Return to Gold Fever Gold Fever! The Lure and Legacy of the California Gold Rush
Introduction
Lure of Gold
Stepping Back
California
Discovery
First Finds
The News
World on the Eve
Across Land
By Sea

Gold Fever Part II


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California on the Eve

Portrait of General John A. Sutter, 1856The Gold Rush dramatically affected California's environment, but much had been changed well before 1848. Primeval California was a unique and extraordinarily diverse natural environment, with a remarkable range of geography and geology, of plants and animals, of weather and natural resources. California had been inhabited or visited by many different people before gold was discovered. Each new group of people brought its own system of values.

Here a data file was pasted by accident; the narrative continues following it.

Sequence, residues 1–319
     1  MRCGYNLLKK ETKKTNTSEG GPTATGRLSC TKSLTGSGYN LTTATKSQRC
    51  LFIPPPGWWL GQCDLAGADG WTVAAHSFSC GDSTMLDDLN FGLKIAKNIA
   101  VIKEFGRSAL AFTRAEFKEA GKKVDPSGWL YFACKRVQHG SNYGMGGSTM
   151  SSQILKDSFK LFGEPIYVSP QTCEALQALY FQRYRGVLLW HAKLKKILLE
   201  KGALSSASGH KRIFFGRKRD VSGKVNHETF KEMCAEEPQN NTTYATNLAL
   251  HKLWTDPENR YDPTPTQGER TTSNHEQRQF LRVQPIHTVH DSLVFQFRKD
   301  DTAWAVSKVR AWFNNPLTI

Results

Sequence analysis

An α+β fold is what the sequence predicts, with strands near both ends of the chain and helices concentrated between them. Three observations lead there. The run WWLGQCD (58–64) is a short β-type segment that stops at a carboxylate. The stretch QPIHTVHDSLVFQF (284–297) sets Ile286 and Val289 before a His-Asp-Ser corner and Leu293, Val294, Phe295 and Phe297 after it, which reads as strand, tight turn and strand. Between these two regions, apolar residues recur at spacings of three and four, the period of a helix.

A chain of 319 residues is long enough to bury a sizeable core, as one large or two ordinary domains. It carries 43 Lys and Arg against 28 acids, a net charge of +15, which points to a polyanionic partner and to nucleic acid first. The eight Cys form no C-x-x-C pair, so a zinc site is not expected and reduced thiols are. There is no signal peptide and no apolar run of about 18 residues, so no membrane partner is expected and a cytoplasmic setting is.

Maidu Cooking Basket Flicker Band

They related differently to the beauty of California and its immense bounty of natural resources. Each saw a different kind of "gold" to be reaped from the land. They also related differently to each other. California Indians had been here for more than ten thousand years.

Andres PicoThey encountered successive waves of explorers, would-be colonizers, and immigrants, including Spanish missionaries, Mexican and Californio rancheros, Russian hunters, and American trappers, traders and farmers. Who was a Californian? And what did California mean to them?

Top: Portrait of General John A. Sutter, 1856, Collection of Oakland Museum of California
Middle Left: Maidu Cooking Baske
t, Collection of Oakland Museum of California
Middle Right: Flicker Band,
Collection of Oakland Museum of California
Bottom: Andres Pico,
Collection of Los Angeles County Museum of Natural History

Nature | Californio | California Indian

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